Since 2014, Google has used HTTPS as a ranking signal. This means that if you don’t have HTTPS enabled on your site, then your Google ranking will suffer. If you are designing websites for other people, then you’re sacrificing their site’s ranking in Google searches, just because you’re too lazy to tell them about HTTPS. What’s really sad is that there are a lot of “SEO experts” running their sites without SSL.

Maybe cost is a factor in your decision, but the small cost of installing an SSL/TLS certificate could more than outweigh the SEO benefits that they’d receive by having SSL. If you think that $100 a year is too much to pay for an SSL certificate, then you’re probably right. At the end of this article, I’ll show you how you can get a high level of encryption over HTTPS with Let’s Encrypt’s free SSL certificates.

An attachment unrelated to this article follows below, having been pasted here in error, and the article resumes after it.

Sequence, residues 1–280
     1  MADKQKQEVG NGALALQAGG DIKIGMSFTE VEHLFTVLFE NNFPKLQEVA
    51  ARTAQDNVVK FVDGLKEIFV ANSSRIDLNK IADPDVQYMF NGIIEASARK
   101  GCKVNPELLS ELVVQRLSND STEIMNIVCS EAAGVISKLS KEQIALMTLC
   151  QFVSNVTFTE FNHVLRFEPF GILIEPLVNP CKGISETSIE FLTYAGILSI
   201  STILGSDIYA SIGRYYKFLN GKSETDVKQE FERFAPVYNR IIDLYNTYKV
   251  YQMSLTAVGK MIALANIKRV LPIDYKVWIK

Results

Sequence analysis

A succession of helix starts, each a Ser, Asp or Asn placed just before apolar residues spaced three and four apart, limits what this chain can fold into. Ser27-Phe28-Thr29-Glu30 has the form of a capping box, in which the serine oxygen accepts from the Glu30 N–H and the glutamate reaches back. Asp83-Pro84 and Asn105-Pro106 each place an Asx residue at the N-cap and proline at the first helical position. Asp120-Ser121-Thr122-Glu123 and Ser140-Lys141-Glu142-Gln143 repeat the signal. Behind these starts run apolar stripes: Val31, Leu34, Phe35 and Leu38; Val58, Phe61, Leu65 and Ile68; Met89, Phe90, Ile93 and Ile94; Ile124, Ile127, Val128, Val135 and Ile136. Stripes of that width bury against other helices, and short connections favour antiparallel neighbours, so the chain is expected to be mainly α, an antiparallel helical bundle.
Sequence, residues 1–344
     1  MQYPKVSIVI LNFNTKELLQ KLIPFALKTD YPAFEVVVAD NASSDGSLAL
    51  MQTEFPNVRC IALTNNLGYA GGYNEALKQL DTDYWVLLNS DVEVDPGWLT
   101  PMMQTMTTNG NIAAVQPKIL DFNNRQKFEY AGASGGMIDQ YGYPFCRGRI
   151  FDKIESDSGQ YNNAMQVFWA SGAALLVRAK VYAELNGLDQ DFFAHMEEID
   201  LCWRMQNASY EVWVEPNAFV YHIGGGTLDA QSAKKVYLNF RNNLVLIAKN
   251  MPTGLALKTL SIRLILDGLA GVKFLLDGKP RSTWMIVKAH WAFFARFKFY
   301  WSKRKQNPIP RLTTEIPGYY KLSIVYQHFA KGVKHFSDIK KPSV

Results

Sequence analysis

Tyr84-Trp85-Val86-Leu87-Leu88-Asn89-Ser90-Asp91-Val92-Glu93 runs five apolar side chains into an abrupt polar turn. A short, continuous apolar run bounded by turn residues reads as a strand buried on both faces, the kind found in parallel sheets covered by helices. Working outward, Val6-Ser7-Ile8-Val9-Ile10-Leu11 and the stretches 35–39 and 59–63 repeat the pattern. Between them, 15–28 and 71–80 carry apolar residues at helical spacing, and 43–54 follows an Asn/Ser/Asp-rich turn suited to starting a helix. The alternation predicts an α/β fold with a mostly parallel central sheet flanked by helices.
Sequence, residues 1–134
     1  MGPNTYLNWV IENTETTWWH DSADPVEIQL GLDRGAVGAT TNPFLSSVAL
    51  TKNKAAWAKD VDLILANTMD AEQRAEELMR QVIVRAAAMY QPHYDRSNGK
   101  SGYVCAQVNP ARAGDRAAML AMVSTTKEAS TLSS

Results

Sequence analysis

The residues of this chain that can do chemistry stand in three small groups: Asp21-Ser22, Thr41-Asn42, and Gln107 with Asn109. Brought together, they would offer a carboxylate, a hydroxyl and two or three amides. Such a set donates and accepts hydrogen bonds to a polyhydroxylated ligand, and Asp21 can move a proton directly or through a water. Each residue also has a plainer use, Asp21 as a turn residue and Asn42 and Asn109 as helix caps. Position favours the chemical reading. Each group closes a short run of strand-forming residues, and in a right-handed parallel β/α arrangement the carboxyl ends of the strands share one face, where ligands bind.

3) Preventing a warning in Chrome

Very recently, Google announced plans to display a warning in the Chrome Browser whenever someone uses a site that is not on HTTPS. This is part of their move towards a more secure web. They’ll start this as early as next month (January 2017), marking sites as “non-secure” if they collect passwords or credit cards. Google plans to gradually roll out warnings based on the nature of the site or on a user’s browsing behaviour – for example, by labelling pages without SSL as “not secure” in Incognito mode. Eventually, all your site’s visitors will see the following if you do not have an SSL certificate.

google-warning

Again, if the privacy of your site’s users is not enough, then this is another incentive to have the site on HTTPS. You might not care enough about the reputation of your customers’ data, but you will certainly care about the reputation of your site. If your site is showing the above error message, that’s not a good look for any business. Of course, there is still time to install SSL on your site, but why wait till Google says it’s almost doomsday? Do it now and start protecting your customers straight away.